Medical assistants, as important healthcare support professionals in ambulatory clinics, physician offices, and similar settings, are tasked with a host of responsibilities, both clinical and administrative in nature. As such, these healthcare professionals must meet specific employment requirements to ensure that they can perform the job of a medical assistant in a competent and capable manner:
- Education Requirements
- Certification Requirements
- State Requirements
- Job Requirements
In general, employers expect medical assistants to be prepared with a formal education in medical assisting. These programs, which are most often in the form of a certificate, diploma, or associate’s degree, are typically between 10 months and 2 years in length and are offered through junior colleges, vocational-technical schools, as well as traditional campus-based and online universities and colleges.
When pursuing an education in medical assisting, it is worth considering programs accredited by a nationally recognized certifying body, such as Allied Health Education Programs (CAAHEP) or the Accrediting Bureau of Health Education Schools (ABHES).
A comprehensive medical assisting program is comprised of three, distinct segments: administrative, clinical, and an externship.
Externships are often performed at approved healthcare facilities. Most programs are designed to prepare students to take one or more of the nationally recognized certification exams, such as the Registered Medical Assistant (RMA) or the Certified Medical Assistant (CMA).
Although national certification is not a requirement across the board for medical assistants, many find that holding a national credential expands their career options. Further, some states require medical assistants who perform specific medical tasks to hold some type of nationally recognized credential.
National certification allows medical assistants to demonstrate advanced comprehension and expertise in the field of medical assisting while also signifying a commitment to the profession and to continued professional development.
Medical assistants may choose to pursue a number of national certifications, which usually includes meeting specific eligibility requirements and taking and passing a related examination:
- The Joint Commission on Allied Health Personnel In Ophthalmology: Certified Ophthalmic Assistant
- The American Society of Podiatric Medical Assistants: Podiatric Medical Assistant, Certified
- The American Medical Technologists: Registered Medical Assistant credential
- The American Association of Medical Assistants: Certified Medical Assistant credential
- National Healthcare Association: Certified Clinical Medical Assistant
- National Center for Competency Testing: The National Certified Medical Assistant
Depending on employer or state requirements, medical assistants are often required to undergo training to perform specific duties. For example, the Medical Board of California requires medical assistants in California to undergo training before they can administer medication by intramuscular, subcutaneous, and intradermal injections or perform venipuncture or skin punctures. Requirements include at least 10 clock hours of training and satisfactorily performing at least 10 of each type of injection or skin test under close instructional supervision.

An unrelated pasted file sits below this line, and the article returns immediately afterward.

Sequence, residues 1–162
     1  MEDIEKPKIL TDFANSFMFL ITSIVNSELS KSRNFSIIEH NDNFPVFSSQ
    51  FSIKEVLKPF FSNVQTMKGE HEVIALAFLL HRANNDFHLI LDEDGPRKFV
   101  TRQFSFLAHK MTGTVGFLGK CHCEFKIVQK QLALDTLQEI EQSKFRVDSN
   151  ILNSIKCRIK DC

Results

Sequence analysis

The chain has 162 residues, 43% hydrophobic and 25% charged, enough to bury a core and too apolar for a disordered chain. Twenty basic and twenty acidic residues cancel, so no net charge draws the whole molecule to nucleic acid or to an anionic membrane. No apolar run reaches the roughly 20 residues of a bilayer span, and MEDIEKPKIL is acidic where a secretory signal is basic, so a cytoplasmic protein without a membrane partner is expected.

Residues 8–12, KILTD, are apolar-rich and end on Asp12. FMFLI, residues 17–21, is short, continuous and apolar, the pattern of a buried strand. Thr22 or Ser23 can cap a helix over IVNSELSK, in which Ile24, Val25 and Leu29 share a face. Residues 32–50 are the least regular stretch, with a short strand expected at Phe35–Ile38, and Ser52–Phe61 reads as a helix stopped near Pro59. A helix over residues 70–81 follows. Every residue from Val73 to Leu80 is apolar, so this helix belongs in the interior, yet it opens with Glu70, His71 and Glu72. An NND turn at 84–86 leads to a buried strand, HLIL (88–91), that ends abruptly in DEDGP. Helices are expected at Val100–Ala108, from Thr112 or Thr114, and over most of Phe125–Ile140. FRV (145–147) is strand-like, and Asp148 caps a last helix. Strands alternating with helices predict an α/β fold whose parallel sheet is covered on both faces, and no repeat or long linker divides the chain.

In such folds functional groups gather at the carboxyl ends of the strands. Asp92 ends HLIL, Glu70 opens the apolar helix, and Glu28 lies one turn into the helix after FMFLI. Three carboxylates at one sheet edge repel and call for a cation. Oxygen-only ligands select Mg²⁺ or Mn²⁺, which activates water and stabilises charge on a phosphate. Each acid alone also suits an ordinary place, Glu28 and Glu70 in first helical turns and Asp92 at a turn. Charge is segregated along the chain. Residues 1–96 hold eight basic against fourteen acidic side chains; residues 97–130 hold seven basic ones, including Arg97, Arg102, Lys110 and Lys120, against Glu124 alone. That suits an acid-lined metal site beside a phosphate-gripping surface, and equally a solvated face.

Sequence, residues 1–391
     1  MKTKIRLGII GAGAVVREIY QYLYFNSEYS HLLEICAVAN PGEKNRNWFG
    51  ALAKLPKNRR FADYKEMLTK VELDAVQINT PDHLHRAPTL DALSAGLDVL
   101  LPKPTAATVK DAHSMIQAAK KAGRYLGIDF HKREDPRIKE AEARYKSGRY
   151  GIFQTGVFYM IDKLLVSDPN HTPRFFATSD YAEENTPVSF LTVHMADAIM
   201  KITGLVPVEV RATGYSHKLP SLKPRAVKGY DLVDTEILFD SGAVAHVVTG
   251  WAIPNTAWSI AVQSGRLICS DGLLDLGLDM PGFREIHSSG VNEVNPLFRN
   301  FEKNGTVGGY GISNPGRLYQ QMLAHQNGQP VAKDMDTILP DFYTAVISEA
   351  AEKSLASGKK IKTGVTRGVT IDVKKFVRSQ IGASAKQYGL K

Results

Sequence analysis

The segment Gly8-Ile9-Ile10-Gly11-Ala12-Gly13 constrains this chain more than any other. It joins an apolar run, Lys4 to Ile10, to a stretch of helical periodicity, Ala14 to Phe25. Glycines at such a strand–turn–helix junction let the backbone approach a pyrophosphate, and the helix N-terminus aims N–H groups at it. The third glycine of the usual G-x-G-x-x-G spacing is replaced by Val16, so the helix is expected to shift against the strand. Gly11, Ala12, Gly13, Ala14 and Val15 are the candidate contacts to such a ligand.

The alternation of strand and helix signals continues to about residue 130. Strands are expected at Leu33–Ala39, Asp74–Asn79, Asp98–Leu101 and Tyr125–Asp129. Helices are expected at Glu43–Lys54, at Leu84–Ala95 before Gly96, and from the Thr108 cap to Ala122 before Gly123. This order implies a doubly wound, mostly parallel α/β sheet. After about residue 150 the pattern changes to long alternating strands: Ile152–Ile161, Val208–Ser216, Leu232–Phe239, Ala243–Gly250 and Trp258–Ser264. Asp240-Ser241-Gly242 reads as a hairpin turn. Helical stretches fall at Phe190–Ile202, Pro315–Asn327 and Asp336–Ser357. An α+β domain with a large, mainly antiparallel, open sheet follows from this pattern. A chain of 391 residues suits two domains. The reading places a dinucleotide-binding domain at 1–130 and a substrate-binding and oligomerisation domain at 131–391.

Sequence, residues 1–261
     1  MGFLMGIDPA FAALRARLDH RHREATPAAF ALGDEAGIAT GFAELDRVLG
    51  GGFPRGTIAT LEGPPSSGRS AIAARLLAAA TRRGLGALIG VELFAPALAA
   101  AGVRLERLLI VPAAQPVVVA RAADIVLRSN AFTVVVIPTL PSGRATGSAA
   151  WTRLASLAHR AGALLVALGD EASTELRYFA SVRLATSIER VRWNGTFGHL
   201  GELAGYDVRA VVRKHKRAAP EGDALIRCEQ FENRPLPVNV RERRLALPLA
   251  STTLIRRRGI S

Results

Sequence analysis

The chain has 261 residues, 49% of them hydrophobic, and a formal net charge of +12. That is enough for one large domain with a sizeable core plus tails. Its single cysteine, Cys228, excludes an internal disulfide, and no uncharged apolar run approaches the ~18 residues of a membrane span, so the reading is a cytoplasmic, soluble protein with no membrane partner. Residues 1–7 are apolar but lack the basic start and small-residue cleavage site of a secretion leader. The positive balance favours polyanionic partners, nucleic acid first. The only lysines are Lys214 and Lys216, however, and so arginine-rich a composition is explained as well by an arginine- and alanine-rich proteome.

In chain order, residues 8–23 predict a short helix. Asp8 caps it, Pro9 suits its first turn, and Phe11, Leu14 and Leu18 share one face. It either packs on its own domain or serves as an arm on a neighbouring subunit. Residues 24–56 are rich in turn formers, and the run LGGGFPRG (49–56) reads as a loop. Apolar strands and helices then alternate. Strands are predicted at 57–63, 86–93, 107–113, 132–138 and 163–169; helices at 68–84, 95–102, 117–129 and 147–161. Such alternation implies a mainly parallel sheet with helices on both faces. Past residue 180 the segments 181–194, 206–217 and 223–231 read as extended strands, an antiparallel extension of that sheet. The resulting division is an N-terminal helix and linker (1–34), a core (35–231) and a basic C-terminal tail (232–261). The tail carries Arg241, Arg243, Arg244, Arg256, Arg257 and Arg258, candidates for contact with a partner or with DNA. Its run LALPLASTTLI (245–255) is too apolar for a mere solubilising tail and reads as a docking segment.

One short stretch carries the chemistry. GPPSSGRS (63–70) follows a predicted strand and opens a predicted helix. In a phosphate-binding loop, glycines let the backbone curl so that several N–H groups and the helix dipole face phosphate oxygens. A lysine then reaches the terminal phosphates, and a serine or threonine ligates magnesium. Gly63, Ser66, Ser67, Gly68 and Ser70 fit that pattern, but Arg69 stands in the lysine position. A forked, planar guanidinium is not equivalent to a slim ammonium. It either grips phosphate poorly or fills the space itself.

On the other hand, states may detail what type of tasks medical assistants are not allowed to perform. For example, in Montana, medical assistants are not permitted to perform any invasive procedures, including injections (other than immunizations), unless they are under the direct, onsite supervision or a physician or podiatrist. They are also not allowed to administer blood products by IV.
Job requirements for medical assistants, although they may vary based on the practice specialty or the size of the practice, are generally required to accomplish the following job duties:
- Perform administrative tasks, such as bookkeeping procedures and insurance claims processing
- Establish and maintain patient records
- Perform clinical tasks, including sterilization techniques, specimen collection, diagnostic testing, vital signs, and patient care
- Communicate with diverse patients regarding disease prevention, health maintenance, community resources, and physician instructions
- Maintain model professional conduct and appearance in multicultural workplace settings
- Assist with patient procedures and in-office surgical procedures
Medical assistants are required to handle a number of administrative duties, such as appointment scheduling, medical correspondence, medical billing and coding, medical transcription, and managing electronic records. Clinical duty requirements often include assessing and interviewing patients, performing basic in-office procedures, administering medicine, and sterilizing supplies and instruments.
Beyond clinical and administrative expertise, many employers require medical assistants to possess specific traits, all of which undoubtedly help them excel in their profession:
Analytical Skills – Analytical skills are a must for medical assistants, as they allow them to better understand medical charts, billing, insurance billing, and medical coding.
Detail-Oriented – Detailed oriented medical assistants are always in demand, as detailed, accurate patient records are vital to any physician practice.
Compassion and Empathy – Patience, understanding, and empathy are excellent skills for medical assistants to possess, as they are responsible for interacting with patients and communicating in a way that makes patients feel at ease.